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Why Blogging Still Matters

Why dedicated online writing spaces might be the cure for our social media ills.

Blogging is dead, right? At least among the folks in a position to say so, this seems to be the consensus. Many of blogging’s most important early practitioners have either abandoned it (Andrew Sullivan) or else transformed their writing spaces into storefronts that offer “promoted” content in exchange for patronage. The thinking goes like this: Before Mark Zuckerberg and Tweet threads, blogging was a viable way of sharing ideas online. Now, though, social media has streamlined and mobilized both content and community. Reading a blog when you could be reading what your friends are Tweeting about is like attending a lecture completely alone. It’s boring and lonely for you, and a waste of time for the lecturer.

For pay-per-click advertising models, this logic has worked well. For everybody else, though, the diminishing of the blog and the ascendance of social media has hardly been a blessing.

For one thing, traditional journalism has suffered, and not just in trivial ways. As Franklin Foer writes in his recent book World Without Mind, the power of social media to control people’s access to news and information—and to leverage this control into more profit for the platforms themselves—has radically reshaped how the journalism industry values certain kinds of news. While sensationalist journalism has always been a problem, clickbait is uniquely powerful in an age where the vast majority of visitors to a news or opinion site arrive at the page through social media, which, in turn, employs algorithms to target readers with content that the system knows the reader is likely to click. Thus, Facebook rigs the relationship between reader and content in such a way so that the reader’s habits become more self-repeating, more predictable, more dependent on Facebook, and thus, more profitable to the people who pay money for Facebook’s user data.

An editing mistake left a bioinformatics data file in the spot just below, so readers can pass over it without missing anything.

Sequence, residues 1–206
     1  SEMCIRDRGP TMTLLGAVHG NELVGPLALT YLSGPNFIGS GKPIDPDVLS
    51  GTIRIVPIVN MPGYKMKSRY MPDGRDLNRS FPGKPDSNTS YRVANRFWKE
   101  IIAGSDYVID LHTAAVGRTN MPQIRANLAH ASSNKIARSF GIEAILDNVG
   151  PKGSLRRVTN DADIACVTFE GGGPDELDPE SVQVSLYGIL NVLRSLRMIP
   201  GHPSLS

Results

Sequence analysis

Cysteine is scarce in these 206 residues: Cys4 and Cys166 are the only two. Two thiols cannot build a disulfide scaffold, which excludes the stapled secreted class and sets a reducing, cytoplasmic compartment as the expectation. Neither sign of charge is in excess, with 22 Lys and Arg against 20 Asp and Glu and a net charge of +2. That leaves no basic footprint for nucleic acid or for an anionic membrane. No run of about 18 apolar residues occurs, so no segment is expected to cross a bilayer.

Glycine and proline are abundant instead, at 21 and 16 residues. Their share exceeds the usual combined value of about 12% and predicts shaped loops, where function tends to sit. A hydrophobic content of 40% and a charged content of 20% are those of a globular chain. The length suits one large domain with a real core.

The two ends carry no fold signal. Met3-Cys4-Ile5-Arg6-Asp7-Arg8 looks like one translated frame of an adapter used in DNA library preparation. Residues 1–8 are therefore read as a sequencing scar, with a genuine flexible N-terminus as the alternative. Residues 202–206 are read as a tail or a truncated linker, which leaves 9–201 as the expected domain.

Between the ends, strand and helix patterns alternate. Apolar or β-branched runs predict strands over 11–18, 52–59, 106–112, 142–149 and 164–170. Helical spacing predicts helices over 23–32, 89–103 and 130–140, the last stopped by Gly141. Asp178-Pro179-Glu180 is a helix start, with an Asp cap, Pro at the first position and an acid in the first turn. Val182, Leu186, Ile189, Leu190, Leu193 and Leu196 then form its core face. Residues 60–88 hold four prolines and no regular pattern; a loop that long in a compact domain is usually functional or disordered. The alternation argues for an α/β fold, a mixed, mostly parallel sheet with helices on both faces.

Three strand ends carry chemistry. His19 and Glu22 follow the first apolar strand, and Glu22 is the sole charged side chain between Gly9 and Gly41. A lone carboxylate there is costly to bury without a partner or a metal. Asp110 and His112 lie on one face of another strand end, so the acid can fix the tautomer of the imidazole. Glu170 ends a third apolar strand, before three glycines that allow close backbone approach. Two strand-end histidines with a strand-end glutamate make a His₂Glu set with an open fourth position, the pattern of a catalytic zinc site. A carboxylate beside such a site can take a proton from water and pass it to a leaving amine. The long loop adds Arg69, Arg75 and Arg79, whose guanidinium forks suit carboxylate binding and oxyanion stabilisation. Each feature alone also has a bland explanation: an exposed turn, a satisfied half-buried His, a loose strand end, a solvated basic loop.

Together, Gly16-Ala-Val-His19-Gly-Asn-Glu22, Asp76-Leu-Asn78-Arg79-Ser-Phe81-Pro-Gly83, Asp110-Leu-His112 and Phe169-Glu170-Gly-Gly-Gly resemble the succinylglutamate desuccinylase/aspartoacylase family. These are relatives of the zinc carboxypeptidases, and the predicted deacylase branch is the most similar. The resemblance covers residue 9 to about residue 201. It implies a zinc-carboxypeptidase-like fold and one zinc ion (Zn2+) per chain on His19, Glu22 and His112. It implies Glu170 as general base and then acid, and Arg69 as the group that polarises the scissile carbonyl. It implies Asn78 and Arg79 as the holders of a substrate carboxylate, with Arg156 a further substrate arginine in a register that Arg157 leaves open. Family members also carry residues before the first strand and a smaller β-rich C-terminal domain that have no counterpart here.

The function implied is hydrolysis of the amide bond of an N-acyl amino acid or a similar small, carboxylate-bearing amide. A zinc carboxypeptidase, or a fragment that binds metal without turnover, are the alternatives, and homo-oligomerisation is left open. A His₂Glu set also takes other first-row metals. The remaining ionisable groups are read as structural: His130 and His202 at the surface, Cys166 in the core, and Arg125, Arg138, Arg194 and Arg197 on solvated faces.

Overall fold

The internet has introduced an entirely new concept into the world of ideas: Content. Content is a shadowy netherworld between the written word and television, between intellectualism and entertainment, between thinking and watching. By being consumed by social media, the digital writing economy has been transformed into the digital content economy. Videos that aren’t quite television or film, written pieces that aren’t quite essays or reporting—this is the lifeblood of the internet in the age of social media.

Social media’s conquering of the online writing economy has forced writers to rethink not just their how, but their why. If your goal with your online writing is to build as big a daily readership as possible, you are much better off spending 40 hours a week mastering the ins-and-outs of Facebook, Twitter, and Instagram than actually writing. In the content race, the quality of your writing has almost no connection to the health of your digital publishing business. In fact, when considering the role that social media visibility plays, it’s often the case that the relationship between good business and quality of writing is inverse: The better the writing, the fewer clicks. Digital content creators have to constantly ask themselves why they’re doing what they’re doing. Is it to share an idea, or to sell a product? Both?

Contrasting against all of this is the pure experience of blogging. Blogging—regularly writing on the internet in a self-contained space—is an act of relocation. As Alan Jacobs has written, one of the most pressing reasons that digital writers should rethink their dependence on social media is that each of these platforms are corporations that own everybody’s content in a legal sense. Because they own the content, Facebook and Twitter also own the experience of that content, which means, as Jacobs argues, that social media companies represent a real threat to an intellectually free internet:

…users [of social media] should realize that everything they find desirable and beneficial about those sites could disappear tomorrow and leave them with absolutely no recourse, no one to whom to protest, no claim that they could make to anyone. When George Orwell was a scholarship boy at an English prep school, his headmaster, when angry, would tell him, “You are living on my bounty.” If you’re on Facebook, you are living on Mark Zuckerberg’s bounty.